Bringing together researchers, practitioners and policy makers working with migrants, refugees and asylum seekers in Scotland
by Amy Watson*
Learning about Ketso and helping others to use it in their own work has, for me, been an exploration of the ways groups and individuals interact, the positives and negatives in some of these interactions, and how reflecting on and learning from this can lead to more egalitarian outcomes.
Ketso was developed in Lesotho and South Africa by Dr Joanne Tippett, through her work helping to better involve local people in the planning of their villages. Holding workshops and discussions with different communities, Joanne observed the reluctance of women to speak when men were present, despite the well-informed and insightful contributions these women made when not in a mixed gender group. To include multiple perspectives, Joanne began putting together an interactive ‘hands-on’ kit which focused on mapping and communicating ideas through writing and drawing rather than just through speaking. This approach does not privilege confidence, power, status in a decision-making hierarchy, or the ability to vocalise arguments in front of others. It instead represents each contribution as equal in the form of writing or an image on identical leaf pieces that are all necessary to construct a complete whole.
Ketso cannot erase the inequalities and hierarchies that it seeks to manage, but its process heightens awareness of them. This is one step towards wider and bigger change that can lead to these inequalities and categories ceasing to organise the social world. More immediately this awareness is crucial for ethical practice across a whole range of industries, projects and disciplines, and has helped me to think more critically about my own research and my role as a researcher.
Part of my research considers gendered experiences of post-socialism in the Czech Republic, and does so from qualitative perspective, using a mix of interviews, observation and questionnaires. Post-socialist states have not traditionally been afforded the prestige of many wealthier Western states, and this has often limited their political influence in spaces like the European Union. Whilst I think some of this asymmetry is now shifting, mindfulness of how this history and its legacies might affect my presence as a researcher from a ‘Western’ location has ongoing importance for the way I interact with my participants. My familiarity with Ketso and running of Ketso workshops has helped me to reflect more carefully on this.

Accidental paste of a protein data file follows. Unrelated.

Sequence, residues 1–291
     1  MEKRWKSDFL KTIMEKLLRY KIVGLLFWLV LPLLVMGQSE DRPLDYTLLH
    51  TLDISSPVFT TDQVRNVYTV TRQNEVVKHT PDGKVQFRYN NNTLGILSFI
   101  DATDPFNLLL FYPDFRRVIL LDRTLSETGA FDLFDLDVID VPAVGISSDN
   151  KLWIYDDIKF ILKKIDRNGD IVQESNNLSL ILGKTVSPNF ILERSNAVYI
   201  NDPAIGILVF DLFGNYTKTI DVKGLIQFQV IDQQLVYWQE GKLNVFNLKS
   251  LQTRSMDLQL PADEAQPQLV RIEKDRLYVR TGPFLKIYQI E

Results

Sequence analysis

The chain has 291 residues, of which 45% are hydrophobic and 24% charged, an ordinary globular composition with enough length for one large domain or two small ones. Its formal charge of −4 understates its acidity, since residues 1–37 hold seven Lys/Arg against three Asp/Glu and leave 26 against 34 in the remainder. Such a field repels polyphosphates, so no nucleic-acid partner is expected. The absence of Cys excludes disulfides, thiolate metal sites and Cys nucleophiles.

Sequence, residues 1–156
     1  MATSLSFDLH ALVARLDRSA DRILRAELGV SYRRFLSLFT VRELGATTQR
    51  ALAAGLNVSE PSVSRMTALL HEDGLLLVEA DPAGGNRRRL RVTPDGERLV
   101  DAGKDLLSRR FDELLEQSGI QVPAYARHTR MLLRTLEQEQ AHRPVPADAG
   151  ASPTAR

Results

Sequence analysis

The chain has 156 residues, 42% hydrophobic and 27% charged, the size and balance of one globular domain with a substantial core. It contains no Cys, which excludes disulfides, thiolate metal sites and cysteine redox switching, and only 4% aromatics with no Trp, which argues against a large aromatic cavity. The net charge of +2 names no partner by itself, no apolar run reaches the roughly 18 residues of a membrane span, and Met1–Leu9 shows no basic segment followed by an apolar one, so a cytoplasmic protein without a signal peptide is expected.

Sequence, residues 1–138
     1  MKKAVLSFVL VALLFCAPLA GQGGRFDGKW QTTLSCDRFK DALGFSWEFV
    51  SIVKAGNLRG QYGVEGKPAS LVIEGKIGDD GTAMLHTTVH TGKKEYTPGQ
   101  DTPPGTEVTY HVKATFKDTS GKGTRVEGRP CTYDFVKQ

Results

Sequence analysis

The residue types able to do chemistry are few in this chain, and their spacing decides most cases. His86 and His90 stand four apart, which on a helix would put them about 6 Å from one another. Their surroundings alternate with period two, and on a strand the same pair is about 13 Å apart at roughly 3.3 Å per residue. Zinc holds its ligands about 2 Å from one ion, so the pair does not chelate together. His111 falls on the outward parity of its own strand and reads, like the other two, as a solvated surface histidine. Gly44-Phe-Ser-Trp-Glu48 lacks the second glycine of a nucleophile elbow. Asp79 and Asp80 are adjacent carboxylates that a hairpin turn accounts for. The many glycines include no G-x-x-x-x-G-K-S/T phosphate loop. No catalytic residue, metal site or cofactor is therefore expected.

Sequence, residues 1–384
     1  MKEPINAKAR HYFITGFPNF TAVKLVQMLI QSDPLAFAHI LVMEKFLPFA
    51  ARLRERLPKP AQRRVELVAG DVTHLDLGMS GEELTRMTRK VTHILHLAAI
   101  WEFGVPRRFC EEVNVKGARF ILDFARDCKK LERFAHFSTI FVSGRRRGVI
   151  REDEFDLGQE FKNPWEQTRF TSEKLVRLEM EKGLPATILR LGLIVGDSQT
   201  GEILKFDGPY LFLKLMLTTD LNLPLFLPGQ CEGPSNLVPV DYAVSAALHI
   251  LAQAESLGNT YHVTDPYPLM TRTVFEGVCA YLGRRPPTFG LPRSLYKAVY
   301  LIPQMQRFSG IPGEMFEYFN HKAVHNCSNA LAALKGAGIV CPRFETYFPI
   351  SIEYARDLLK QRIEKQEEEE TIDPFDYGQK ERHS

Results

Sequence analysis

For example, part of the Ketso process emphasises silence. The room is quiet whilst each workshop participant thinks about and writes down their contributions, giving space for each person to formulate their own ideas. After all contributions are laid out, discussion follows. Those who find talking about their ideas easier must then base their conversation on every contribution present, including the ones made by those who are more reserved in discussion. During this period of silence, some participants become restless and start talking to those around them – looking for confirmation of their opinion, asking what someone else has written down, what they think.
Whilst conducting interviews with some of my own research participants, I sometimes had a nervous temptation to fill a silence in our conversations with suggestions based on my own perspectives. I view this compulsion as problematic, and my resistance of it as important – why did I struggle to cede control and allow a pause to lead to my participant speaking, if that was what they wanted to do? Through speaking, was I asking my (Czech) participant to defer to my (‘Western’) opinions? A misunderstanding of someone’s thought process, and of the manners through which they express themselves, can lead to the restriction or erasure of their perspectives. Ketso has helped me to think more seriously about different routes to self-expression, and how these can be encouraged rather than omitted.
With Ketso, I have seen workplace hierarchies be disrupted as a less senior member of staff is finally able to articulate an idea in a forum where they feel they will be listened to. Ketso makes ignoring opinions difficult: they are right in front of you, written down. You have to face them. The harder part then becomes ensuring that this variety of perspectives continue to be faced once the workshop is over. In this sense, I view Ketso as just the start of a much bigger process. In the same way that my experiences with Ketso made me think and act differently in my own research practice, so a Ketso workshop can begin to shift the attitudes and behaviours of all those who participate, towards listening to and respecting all others as equals.
† More information about the Museum of Romani Cultures can be found here.